The unions and BART management had until the end of the Saturday to reach a new contract deal or the governor will step in and require a 60-day cooling off period. Kim Tere has the latest developments.
Both sides of the BART labor dispute were back at the bargaining table Saturday for one last try to come up with a deal before Gov. Jerry Brown declares a 60-day cooling off period.
Negotiators met for about 13 hours Saturday, spending the day talking to a mediator. Since they did not come up with a deal by midnight, Gov. Brown says he will seek a court ordered cooling-off period Sunday morning.
BART management and union leaders have said they are committed to talking.
"I urge all parties to think of the public and resolve this matter without delay, but if there’s no resolution by Sunday, I will seek a 60 day cooling-off period,” said Brown in a released statement Friday.
BART and its labor unions have been negotiating since April but appear to remain far apart.
The governor's move followed a decision by a special board of investigation, appointed by the governor to examine the dispute between union workers and BART management, issued its findings.
The board concluded that "a strike will cause significant harm to the public’s health, safety and welfare."
It also found the "principal issues on which there is no agreement are wages, health benefits, pension contributions, term and certain working conditions."
Brown said if both sides fail to make a deal by Sunday morning, Brown's request will go to the San Francisco Superior Court.
Judge Curtis E.A. Karnow will be asked to rule on the governor’s request and will likely approve it.
BART employees went on strike on July 1, and returned to work four days later and threatened to go on strike again last Monday before Brown intervened late Sunday by calling for the fact-finding panel to investigate the labor dispute.
BART spokesman Rick Rice said management and the labor unions have been meeting all day Friday and plan to continue to meet throughout the weekend if necessary. Rice said, "We hope to stay at the table and reach an agreement."
Des Patten, a negotiator for BART's largest labor union, Service Employees International Unit Local 1021, which represents 1,430 mechanics, custodians and clerical workers, said there "has been some movement" in contract talks today but the process remains "slow."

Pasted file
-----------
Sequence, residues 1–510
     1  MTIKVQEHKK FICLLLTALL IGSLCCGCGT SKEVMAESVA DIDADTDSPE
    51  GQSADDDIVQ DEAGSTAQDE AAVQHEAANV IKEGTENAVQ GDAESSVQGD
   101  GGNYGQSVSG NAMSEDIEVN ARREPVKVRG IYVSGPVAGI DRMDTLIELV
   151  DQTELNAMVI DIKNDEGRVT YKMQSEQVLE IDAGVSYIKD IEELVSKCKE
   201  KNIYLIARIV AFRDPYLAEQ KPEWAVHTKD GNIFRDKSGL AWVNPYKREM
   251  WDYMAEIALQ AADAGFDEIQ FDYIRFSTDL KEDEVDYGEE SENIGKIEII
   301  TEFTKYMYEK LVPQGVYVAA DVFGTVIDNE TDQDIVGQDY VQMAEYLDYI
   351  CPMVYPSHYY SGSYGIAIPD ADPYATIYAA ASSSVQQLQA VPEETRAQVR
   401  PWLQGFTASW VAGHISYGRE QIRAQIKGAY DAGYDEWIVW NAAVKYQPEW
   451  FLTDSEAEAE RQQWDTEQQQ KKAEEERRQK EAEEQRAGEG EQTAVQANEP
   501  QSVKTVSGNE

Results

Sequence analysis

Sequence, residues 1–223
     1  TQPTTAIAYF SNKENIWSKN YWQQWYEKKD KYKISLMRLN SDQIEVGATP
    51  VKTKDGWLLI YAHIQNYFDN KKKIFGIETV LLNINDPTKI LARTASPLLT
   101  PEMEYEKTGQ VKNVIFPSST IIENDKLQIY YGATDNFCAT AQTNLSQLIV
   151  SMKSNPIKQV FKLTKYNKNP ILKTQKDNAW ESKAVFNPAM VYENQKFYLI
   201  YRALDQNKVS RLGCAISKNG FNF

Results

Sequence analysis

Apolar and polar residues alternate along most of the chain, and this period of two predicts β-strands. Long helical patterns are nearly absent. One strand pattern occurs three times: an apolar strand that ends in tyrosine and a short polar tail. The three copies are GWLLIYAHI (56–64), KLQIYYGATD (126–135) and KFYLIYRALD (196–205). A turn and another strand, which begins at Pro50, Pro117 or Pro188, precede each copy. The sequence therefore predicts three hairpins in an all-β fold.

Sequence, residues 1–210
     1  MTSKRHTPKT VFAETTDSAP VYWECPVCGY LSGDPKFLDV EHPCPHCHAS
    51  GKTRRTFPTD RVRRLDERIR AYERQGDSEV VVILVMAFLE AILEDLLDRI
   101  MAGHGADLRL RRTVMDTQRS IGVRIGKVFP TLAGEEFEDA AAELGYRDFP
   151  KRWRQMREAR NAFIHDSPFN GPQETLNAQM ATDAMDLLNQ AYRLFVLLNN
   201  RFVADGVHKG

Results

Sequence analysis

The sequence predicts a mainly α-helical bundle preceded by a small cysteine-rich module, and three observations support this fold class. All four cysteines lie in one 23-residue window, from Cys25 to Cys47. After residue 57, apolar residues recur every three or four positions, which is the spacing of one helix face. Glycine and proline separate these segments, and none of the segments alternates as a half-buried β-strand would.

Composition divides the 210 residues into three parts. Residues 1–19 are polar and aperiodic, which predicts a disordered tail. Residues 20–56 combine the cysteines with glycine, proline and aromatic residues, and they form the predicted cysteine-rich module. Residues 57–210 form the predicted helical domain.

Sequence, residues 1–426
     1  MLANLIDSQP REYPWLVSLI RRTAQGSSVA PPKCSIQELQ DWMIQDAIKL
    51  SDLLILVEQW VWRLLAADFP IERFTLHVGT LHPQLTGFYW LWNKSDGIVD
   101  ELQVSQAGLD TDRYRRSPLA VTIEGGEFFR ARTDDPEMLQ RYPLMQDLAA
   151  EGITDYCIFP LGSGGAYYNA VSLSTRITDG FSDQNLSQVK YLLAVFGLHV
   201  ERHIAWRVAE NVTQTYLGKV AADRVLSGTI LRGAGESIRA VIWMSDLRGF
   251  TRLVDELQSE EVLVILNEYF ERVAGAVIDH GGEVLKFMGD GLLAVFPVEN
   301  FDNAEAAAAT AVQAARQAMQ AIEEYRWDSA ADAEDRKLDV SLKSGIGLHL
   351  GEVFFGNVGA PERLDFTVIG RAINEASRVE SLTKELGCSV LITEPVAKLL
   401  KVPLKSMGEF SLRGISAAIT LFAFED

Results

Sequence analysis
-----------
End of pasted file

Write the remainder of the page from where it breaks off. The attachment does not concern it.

Patten said, "We're trying to get a deal before the end of the day on Saturday."
UPDATE: Both sides plan to be back at the negotiating table Sunday as Gov. Brown said he will seek a court-ordered, 60-day cooling-off period Sunday morning.
"The cooling-off period is not in effect yet, and so I think that there's a little pressure on the parties before the governor has to take that step," ATU 1555 Recording Secretary Chris Finn said.
Amalgamated Transit Union Negotiator Antoinette Bryant said a deal needs to happen soon.
"We need a deal by Sunday," Bryant said. "We don't need the riders wondering what the heck is going to happen on October 11. We don't need our members wondering about that. We need to get a deal and all the pieces are in place. We just need to put the puzzle together and get it."
A union negotiator said the two sides are between $56 million and $62 million apart on a four-year contract.
Although the process is moving and both sides have made some progress towards a deal, the governor is expected to make his request for a 60-day cooling-off period Sunday morning. San Francisco Superior Court has already scheduled to hear that request during an emergency session at 9:00 a.m. Sunday.
The hearing will mark the first time the Civic Center Courthouse, which opened in 1998, will open on a weekend to accommodate a hearing.
Bay City News contributed to this report.